3. Suicide Is the Ultimate Conversation Stopper: In health care, and society in general, our drive to save lives eclipses care around the dying process and consequently we are uncomfortable talking about death. In the same way, our focus on the health of the physical body trumps that of our mental wellbeing, and as a result mental health conditions are poorly understood and stigmatized. So when death and mental health collide in the perfect storm of a completed suicide we have the ultimate conversation stopper. For decades we have swept these taboo topics under the carpet, and because of this we are ill equipped to deal with it.
So what is the ‘right’ way to talk about suicide? I am not sure what the correct answer is. It is certainly important to acknowledge a persons bereavement and offer support. To be there without judgment. No one is to blame for this. To be there with no expectations. Someone who has suffered a suicide loss, might behave more aloof or more needy or more erratic than before, but do not take these behaviors personally. This is not something that they will ‘get over’ in a month or a year. They have to start anew and that takes time, but also requires patient and supportive friends.
4. We Are Complex Emotional Beings: A month or so after my brothers death, my daughter, then 2, pulled at my shirt and asked “Mummy, when will you be happy again?” I looked at her beautiful expectant face and wished that I had an answer for her.
What I have discovered since, is that happiness and sadness are not opposite emotions on either end of a spectrum, but they can co-exist together in the same moment. Some days, one dominates over the other, but for the most part, they are both there appearing in everyday moments like when my daughter hugs her brother, or when a certain song plays on the radio; and of course these emotions are stronger on special days like his birthday.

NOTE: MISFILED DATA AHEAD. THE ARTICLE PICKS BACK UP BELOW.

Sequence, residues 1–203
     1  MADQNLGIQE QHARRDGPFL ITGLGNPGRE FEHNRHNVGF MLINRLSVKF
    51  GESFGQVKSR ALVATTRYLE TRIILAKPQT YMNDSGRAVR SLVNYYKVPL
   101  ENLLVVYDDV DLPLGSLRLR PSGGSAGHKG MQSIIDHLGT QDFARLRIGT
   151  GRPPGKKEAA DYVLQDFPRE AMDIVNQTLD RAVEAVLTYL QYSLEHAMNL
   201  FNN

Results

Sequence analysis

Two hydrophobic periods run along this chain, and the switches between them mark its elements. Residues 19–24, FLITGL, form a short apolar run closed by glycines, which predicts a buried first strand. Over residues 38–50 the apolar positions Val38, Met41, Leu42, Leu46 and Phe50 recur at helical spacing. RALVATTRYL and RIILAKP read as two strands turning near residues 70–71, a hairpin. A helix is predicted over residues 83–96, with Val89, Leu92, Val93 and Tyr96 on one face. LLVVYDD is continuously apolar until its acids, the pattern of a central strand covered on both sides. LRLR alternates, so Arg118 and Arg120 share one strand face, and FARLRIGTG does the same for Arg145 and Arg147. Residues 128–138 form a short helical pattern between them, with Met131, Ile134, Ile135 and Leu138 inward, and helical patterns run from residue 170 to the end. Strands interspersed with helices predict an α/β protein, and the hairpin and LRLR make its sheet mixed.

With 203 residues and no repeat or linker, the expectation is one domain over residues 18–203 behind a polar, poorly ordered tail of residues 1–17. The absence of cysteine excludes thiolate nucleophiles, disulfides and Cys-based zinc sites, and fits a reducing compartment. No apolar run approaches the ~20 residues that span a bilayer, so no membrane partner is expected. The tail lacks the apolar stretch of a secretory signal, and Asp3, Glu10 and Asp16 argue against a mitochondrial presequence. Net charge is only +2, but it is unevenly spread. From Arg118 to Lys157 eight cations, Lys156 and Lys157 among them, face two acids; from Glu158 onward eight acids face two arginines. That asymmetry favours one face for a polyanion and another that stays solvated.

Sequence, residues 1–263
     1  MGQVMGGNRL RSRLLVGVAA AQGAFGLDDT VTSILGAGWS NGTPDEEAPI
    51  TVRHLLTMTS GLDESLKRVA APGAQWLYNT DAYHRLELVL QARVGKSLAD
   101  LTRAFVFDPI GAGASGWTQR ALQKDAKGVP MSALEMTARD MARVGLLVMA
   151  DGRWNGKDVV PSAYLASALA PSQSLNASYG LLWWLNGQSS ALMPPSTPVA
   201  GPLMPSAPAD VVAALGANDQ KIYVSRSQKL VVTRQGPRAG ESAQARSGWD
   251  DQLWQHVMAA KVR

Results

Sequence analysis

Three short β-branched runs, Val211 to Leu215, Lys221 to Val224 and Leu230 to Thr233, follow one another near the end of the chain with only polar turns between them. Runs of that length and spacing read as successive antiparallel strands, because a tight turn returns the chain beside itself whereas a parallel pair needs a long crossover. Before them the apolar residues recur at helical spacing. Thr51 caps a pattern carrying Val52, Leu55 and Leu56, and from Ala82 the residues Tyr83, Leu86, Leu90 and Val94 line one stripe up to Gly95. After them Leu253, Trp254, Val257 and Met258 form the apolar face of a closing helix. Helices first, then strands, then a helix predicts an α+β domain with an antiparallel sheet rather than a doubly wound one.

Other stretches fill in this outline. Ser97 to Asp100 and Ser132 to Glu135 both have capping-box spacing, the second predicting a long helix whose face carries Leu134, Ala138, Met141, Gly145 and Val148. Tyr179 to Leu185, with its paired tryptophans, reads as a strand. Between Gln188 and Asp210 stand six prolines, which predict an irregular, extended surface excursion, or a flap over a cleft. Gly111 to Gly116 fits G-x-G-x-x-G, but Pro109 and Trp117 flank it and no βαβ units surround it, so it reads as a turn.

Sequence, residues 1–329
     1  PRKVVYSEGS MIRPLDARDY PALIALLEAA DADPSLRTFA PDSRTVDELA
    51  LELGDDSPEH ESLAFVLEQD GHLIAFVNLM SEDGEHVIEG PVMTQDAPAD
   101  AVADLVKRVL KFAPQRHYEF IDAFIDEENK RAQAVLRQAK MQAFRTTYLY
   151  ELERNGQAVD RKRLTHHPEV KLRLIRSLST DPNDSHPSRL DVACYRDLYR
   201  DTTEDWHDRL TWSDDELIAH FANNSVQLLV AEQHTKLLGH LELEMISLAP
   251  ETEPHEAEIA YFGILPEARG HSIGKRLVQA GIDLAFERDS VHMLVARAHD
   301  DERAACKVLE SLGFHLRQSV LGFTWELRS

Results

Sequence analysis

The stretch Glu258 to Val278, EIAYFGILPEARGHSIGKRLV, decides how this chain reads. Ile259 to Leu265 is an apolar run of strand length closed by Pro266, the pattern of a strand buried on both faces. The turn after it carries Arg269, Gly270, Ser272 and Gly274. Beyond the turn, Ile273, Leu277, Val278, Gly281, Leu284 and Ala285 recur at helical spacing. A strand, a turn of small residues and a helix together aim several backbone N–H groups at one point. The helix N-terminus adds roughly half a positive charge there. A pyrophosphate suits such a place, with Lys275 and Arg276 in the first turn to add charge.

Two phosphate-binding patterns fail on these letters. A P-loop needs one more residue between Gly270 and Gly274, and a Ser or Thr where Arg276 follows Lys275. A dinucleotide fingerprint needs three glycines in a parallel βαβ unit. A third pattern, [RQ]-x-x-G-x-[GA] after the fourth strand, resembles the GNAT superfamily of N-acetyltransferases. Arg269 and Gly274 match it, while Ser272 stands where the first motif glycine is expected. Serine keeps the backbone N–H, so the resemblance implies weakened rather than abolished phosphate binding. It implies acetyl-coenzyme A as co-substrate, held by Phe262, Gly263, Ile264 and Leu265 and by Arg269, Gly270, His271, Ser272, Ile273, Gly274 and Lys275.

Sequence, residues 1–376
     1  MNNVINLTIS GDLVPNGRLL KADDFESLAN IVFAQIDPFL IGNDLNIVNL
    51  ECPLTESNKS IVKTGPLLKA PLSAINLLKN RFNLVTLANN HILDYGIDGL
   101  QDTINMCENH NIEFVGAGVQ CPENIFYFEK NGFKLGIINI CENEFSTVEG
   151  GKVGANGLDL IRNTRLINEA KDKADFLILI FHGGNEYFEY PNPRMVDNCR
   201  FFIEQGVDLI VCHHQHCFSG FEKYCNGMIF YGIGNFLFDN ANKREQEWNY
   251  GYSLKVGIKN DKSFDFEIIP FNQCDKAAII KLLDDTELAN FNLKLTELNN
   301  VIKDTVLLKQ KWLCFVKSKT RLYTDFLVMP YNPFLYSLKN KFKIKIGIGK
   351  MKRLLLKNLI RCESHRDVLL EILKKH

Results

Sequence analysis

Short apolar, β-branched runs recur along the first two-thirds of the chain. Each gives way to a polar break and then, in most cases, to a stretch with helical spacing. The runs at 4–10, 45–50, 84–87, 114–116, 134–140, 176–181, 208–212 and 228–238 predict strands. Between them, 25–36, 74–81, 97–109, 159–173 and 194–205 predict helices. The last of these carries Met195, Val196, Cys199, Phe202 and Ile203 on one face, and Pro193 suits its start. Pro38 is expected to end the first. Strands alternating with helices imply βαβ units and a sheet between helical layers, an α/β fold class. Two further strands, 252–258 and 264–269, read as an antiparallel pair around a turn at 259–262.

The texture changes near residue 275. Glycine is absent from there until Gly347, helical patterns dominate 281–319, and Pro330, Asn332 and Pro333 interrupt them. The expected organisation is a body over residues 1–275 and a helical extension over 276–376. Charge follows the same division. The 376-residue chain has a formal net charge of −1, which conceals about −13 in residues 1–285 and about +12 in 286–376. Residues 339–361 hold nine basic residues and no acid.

Yes, I lost my brother to suicide. I lost my brother on a night that the darkness was so opaque that he was swallowed by the blackness. There is so much about that night that I will never understand, so much that I cannot reconcile; but it cannot rob me of my memories. So on his birthday I chose that happiness would dominate. I popped a bottle of bubbles and raised my glass in gratitude to my family and friends, who I am indebted to and love deeply. I raised my glass in remembrance of all the lives cut short by suicide and to their families who are surviving the best they can. I raised my glass in celebration of my brother, and when I did, I saw him smiling... yes, that was my brother always smiling."
If you — or someone you know — need help, please call 1-800-273-8255 for the National Suicide Prevention Lifeline. If you are outside of the U.S., please visit the International Association for Suicide Prevention for a database of international resources.
This post is part of Common Grief, a Healthy Living editorial initiative. Grief is an inevitable part of life, but that doesn’t make navigating it any easier. The deep sorrow that accompanies the death of a loved one, the end of a marriage or even moving far away from home, is real. But while grief is universal, we all grieve differently. So we started Common Grief to help learn from each other. Let’s talk about living with loss. If you have a story you’d like to share, email us at firstname.lastname@example.org.